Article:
We have written many times of how Chinese courts do not enforce United States judgments. Because of this, U.S. judgments have pretty much no value in China and if your only collection plan is to sue in the United States and then take your U.S. judgment to China, you are making a big mistake.
We see this mistake all the time when U.S. lawyers call one of our international dispute resolution attorneys seeking help to collect on a U.S. judgment they have just secured for their clients. We tell them how their judgment has no value in China and then we wait for the long pause while the lawyer is presumably thinking of how to explain to their client why they charged it so much to get something that will likely be worth so little.
But note how I have NOT said that securing a United States judgment is always a waste of time and how I say merely that such a judgment “will likely be worth little.” A United States judgment against a Chinese company can lead to collection, but for that to occur, one must know about the operations of the Chinese company and be prepared to be legally creative in figuring out how and where to act in using the United States judgment to go after the Chinese company’s assets.
We are right now working on just such a case and since I just set out some of the options in an email, I figured I might as well post them here as well, especially since we are working so deep background on this that my posting cannot possibly tip off anyone:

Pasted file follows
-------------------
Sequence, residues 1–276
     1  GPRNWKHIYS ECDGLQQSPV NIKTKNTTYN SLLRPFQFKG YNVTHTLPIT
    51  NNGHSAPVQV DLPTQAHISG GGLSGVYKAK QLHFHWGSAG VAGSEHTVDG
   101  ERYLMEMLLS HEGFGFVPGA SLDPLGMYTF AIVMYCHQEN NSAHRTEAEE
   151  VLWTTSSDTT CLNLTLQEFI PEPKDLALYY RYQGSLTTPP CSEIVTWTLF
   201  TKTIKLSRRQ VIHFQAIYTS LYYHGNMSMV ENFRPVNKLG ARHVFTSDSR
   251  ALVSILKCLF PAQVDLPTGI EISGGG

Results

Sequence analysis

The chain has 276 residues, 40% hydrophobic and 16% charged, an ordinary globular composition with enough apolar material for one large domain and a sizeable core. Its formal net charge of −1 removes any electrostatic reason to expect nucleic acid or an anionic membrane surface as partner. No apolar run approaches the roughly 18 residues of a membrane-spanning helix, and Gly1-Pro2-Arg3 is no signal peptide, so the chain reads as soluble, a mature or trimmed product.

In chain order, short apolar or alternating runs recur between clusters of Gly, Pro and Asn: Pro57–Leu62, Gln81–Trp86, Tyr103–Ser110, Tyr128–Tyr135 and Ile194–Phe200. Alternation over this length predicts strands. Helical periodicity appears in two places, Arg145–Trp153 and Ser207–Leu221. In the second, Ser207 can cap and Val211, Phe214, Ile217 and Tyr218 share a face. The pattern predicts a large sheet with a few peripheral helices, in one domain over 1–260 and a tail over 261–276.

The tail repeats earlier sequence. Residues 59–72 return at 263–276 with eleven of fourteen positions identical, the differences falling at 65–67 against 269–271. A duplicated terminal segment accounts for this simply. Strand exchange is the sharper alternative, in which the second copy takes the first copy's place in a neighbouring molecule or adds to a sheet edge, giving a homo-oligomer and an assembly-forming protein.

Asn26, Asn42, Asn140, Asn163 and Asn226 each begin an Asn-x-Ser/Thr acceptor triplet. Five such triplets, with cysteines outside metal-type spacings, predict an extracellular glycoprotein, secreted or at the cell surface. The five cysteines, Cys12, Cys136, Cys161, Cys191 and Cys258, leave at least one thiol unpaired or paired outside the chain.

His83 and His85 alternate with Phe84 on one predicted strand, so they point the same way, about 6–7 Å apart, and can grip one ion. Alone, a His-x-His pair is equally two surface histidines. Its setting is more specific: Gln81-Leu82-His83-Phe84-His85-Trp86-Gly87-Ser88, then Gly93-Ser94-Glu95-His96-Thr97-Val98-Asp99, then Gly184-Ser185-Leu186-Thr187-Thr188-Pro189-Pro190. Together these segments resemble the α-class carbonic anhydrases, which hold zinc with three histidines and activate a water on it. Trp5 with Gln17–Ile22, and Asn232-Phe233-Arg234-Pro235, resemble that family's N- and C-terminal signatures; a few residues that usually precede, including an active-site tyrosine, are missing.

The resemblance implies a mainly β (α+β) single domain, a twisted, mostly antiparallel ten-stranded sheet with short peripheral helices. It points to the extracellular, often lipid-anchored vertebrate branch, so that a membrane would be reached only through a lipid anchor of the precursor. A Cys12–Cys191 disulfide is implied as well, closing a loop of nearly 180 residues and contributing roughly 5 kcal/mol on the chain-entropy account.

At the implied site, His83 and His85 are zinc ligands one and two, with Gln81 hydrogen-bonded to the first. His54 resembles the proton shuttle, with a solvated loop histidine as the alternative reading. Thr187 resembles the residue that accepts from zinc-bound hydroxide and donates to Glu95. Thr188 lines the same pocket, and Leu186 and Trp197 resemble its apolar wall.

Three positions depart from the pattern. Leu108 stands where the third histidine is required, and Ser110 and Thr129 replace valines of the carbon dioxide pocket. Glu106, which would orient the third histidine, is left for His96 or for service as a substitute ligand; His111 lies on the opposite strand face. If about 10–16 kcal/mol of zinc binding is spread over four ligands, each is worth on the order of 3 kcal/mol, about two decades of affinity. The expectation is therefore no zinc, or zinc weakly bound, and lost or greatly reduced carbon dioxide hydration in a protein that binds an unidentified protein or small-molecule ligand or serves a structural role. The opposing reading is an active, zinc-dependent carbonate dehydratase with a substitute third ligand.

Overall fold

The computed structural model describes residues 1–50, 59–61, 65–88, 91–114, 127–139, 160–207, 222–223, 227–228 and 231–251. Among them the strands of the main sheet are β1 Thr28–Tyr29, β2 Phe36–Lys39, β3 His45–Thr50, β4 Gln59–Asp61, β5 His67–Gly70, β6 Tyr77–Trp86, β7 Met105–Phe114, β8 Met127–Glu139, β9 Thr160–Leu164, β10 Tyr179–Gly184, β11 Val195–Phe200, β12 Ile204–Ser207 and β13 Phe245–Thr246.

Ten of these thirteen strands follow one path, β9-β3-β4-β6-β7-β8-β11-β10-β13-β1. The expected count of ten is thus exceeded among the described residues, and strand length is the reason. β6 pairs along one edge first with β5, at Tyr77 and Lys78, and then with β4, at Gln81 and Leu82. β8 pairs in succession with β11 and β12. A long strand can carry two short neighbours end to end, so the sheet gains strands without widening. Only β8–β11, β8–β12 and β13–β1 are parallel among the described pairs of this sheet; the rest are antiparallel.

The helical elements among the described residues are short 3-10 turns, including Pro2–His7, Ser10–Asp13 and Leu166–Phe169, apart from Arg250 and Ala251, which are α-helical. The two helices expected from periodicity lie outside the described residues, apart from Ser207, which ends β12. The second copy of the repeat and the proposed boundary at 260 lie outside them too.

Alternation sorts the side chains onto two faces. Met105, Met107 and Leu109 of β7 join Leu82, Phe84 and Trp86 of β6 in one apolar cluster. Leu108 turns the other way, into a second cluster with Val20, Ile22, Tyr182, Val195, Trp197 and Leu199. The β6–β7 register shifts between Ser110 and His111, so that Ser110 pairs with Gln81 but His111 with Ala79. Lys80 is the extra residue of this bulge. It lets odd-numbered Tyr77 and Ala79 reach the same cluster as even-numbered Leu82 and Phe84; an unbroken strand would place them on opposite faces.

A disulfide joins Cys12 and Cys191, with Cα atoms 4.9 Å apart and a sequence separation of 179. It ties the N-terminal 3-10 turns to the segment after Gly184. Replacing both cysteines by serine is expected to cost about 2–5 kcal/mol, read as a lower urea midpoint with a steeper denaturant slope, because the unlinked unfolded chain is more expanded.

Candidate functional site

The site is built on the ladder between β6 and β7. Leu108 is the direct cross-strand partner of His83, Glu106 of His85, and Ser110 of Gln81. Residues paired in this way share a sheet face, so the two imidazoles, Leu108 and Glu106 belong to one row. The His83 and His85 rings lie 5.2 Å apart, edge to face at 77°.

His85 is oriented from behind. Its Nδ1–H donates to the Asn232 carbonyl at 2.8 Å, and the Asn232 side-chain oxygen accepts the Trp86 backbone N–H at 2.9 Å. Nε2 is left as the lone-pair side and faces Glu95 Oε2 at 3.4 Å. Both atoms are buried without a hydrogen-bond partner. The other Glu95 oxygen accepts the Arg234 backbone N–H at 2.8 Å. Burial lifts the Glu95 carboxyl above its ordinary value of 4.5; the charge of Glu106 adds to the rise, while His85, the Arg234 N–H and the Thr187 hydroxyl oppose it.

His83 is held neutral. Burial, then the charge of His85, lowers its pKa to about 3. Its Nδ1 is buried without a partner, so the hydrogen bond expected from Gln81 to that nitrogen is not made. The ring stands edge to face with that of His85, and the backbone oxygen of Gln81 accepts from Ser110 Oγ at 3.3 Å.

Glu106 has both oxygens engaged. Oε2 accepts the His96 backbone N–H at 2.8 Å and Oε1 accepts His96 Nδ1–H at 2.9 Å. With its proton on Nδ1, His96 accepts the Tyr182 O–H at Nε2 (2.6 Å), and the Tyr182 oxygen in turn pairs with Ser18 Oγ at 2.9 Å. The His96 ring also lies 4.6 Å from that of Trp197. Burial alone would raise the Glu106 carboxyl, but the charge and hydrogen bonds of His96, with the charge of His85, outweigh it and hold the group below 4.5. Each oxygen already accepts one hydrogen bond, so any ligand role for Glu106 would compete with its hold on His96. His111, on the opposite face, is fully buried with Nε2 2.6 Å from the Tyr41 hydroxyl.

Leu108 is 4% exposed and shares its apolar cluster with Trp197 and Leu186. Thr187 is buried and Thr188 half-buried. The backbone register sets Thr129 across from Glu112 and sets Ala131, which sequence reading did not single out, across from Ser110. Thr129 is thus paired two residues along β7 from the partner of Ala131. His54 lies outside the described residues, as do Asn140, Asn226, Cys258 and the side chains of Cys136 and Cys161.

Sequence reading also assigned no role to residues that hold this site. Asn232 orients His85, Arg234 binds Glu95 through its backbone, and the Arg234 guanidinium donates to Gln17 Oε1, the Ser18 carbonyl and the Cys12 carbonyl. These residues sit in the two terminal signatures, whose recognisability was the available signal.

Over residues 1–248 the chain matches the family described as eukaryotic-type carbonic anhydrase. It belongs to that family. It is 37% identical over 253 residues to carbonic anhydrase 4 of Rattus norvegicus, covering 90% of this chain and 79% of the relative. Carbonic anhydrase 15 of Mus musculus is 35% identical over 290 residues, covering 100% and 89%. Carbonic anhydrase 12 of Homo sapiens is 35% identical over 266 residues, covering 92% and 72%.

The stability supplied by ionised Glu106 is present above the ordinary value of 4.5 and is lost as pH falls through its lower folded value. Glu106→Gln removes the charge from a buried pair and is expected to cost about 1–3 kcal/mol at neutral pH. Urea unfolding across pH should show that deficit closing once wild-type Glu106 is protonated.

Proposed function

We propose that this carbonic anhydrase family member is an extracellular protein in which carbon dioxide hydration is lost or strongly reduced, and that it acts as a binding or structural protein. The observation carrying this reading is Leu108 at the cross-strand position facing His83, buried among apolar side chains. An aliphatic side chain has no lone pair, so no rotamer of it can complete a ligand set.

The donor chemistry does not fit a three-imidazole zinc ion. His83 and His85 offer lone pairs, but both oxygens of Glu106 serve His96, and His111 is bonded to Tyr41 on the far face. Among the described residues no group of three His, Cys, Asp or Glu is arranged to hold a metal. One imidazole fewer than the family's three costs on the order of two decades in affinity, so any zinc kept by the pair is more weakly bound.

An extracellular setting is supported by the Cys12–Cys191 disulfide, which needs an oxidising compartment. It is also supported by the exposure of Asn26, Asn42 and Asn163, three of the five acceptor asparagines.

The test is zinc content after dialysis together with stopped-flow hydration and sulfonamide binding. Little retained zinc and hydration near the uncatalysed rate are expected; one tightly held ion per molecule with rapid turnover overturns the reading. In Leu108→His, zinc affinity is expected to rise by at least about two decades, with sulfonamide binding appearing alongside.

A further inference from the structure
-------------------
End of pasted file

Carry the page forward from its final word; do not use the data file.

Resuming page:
Here are the methods we typically use to try to collect on US judgments against Chinese companies that do not have hard assets in the United States:
1. If the Chinese company has vessels, seize those. Not likely here, but I mention it because it can be so easy.
2. If there are U.S. or EU (and other countries also) companies that owe the Chinese company money, go after that money.
3. If there are US or EU (and other countries also) companies that will owe it money, go after that money.
4. Take the judgment to a country that will enforce U.S. judgments and seize the Chinese company’s assets there. South Korea is the best and most typical. Canada can be good too. There are others.
5. Take the judgment to Hong Kong and use it to get a summary judgment against the Chinese company there. This can be quite expensive and it only sometimes makes sense. There are other countries where this sometimes also makes sense.
6. Write a letter to the defendant, in Chinese, letting them know all of the problems you intend to inflict on it if it doesn’t pay. Those will include alerting various governmental bodies about this company’s conduct and doing whatever else you can do to make sure this company does not rip anyone off ever again. This can be quite effective, particularly with companies that are hoping to go public.
We would need to know more about the company and its operations to come up with additional options and to tell you more about the likelihood of success and the expected costs of each of the above.
There you have it. Using a United States judgment to collect from a Chinese company.
Difficult, but not impossible.